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any one of these branches shall not be permitted to encroach upon the powers confided to the others, but that each shall by the law of its creation be limited to the exercise of the powers appropriate to its own department and no others."8

To preserve the separation of powers and to render government efficient for the protection of civil liberty, the framers of our federal and state constitutions saw that it was necessary not simply to create separate depositaries for the three powers, but that means should be provided for preventing, if possible, the control by one department of the other departments. With this end in view the executive, legislative, and judicial establishments are made as independent as possible of one another. Thus the legislatures are made the sole judges as to the constitutional qualifications of those claiming membership, they have the power of disciplining and expelling members, their members are in general not liable to arrest except for felony, treason, or breach of the peace, and they may not be held responsible in actions of slander or libel for words spoken or printed by them as members. The independence of the courts is in general secured by tenures of office, and official compensation free from legislative control, and, furthermore, they have the great power of declining to recognize all laws or executive acts which they hold to be unconstitutional or otherwise illegal. The executive has, of course, within its own hands, the material force of the State, and within the limits of the discretion placed by law within his hands, may not be held legally responsible in the courts for his acts.

§ 742. Separation of Powers not Complete.

While, as has been said, the principle of the separation of powers has generally been accepted as binding in our systems of constitutional jurisprudence-state and national — the practical necessities of efficient government have prevented its complete application. It has from the beginning been necessary to vest in

8 The principle of the separation of powers does not limit Congress when providing governments for the Territories, for as to this Congress has complete discretion.

each of the three departments of government certain powers which, in their essential nature, would not belong to it. Thus, to mention only a few of the more evident examples, the courts have been given the essentially legislative power to establish rules of practice and procedure, and the executive power to appoint certain officials sheriffs, criers, bailiffs, clerks, etc.; the executive has been granted the legislative veto power, and the judicial right of pardoning; the legislature has been given the judicial powers of impeachment, and of judging of the qualifications of its own members, and the Senate, the essentially executive power of participating in the appointment of civil officials.

Not only this, but as we shall later see, the principle of the separation of powers does not prevent the legislative delegation to executive officers both of a considerable ordinance-making power, and of authority to pass, with or without an appeal to the courts, upon questions of fact. Essentially, the promulgation of administrative orders or ordinances is legislative in character, and the determination of facts after a hearing is judicial. In both cases, however, these functions are performed in pursuance of statutory authority, and as incidental to the execution of law. In like manner, the legislature is conceded to have, as incidental to its law-making power, the essentially judicial function of punishing for contempt or disobedience to its orders.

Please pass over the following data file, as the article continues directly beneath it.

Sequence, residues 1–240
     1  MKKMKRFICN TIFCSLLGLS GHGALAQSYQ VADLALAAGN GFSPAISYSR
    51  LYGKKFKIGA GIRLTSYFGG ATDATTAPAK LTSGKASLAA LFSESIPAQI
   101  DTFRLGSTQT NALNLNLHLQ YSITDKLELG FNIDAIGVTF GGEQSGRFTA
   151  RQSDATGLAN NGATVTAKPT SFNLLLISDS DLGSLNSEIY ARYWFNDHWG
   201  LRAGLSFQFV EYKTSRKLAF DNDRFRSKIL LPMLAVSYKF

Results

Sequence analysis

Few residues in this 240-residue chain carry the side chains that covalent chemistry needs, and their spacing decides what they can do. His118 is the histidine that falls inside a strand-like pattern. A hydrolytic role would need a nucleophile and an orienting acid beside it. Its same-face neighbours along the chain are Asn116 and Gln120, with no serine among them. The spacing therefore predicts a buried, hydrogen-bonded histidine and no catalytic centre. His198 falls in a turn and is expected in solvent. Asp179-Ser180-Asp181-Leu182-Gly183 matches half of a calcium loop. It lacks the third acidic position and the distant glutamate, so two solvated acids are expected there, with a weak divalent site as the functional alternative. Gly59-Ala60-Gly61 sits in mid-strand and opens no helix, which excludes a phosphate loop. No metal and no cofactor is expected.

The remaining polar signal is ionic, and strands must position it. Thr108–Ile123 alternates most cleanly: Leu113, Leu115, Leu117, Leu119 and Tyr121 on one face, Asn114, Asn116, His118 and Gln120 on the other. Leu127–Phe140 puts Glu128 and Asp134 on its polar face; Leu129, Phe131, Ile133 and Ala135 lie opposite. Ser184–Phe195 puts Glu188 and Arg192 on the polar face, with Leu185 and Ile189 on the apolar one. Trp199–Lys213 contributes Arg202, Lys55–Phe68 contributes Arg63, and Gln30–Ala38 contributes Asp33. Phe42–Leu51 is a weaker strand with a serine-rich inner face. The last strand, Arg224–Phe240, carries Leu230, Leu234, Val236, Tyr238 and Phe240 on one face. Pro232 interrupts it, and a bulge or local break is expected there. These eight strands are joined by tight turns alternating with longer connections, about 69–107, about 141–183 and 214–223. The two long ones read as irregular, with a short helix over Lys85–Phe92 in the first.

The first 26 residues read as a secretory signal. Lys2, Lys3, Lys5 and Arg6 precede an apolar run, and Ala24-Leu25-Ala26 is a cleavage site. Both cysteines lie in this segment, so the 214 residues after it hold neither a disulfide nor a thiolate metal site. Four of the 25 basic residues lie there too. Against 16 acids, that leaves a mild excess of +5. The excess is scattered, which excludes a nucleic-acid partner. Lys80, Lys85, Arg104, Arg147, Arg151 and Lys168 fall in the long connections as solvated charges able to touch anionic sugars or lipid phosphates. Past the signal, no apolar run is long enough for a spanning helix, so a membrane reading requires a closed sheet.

§ 743. The General Principle Stated.

Thus it is not a correct statement of the principle of the separation of powers to say that it prohibits absolutely the performance by one department of acts which, by their essential nature, belong to another. Rather, the correct statement is that a department may constitutionally exercise any power, whatever its essential nature, which has, by the Constitution, been delegated to it, but that it may not exercise powers not so constitutionally granted, which, from their essential nature, do not fall within its division of governmental functions, unless such powers are properly incidental to the performance by it of its own appropriate functions.

From the rule, as thus stated, it appears that in very many cases the propriety of its exercise of a power by a given department does not depend upon whether, in its essential nature, the power is executive, legislative, or judicial, but whether it has been specifically vested by the Constitution in that department, or whether it is properly incidental to the performance of the appropriate functions of the department into whose hands its exercise has been given.

Generally speaking, it may be said that when a power is not peculiarly and distinctly legislative, executive, or judicial, it lies within the authority of the legislature to determine where its exercise shall be vested.

§ 744. Distinction Between Legislative and Judicial Acts.

In a dissenting opinion rendered in the Sinking Fund Cases Justice Field says: "The distinction between a judicial and legislative act is well defined. The one determines what the law is, and what rights the parties have with reference to transactions already had; the other prescribes what the law shall be in future cases arising under it. Whenever an act undertakes to determine a question of right or obligation, or of property, the foundation upon which it proceeds, such act is, to that extent, a judicial one, and not the proper exercise of legislative functions."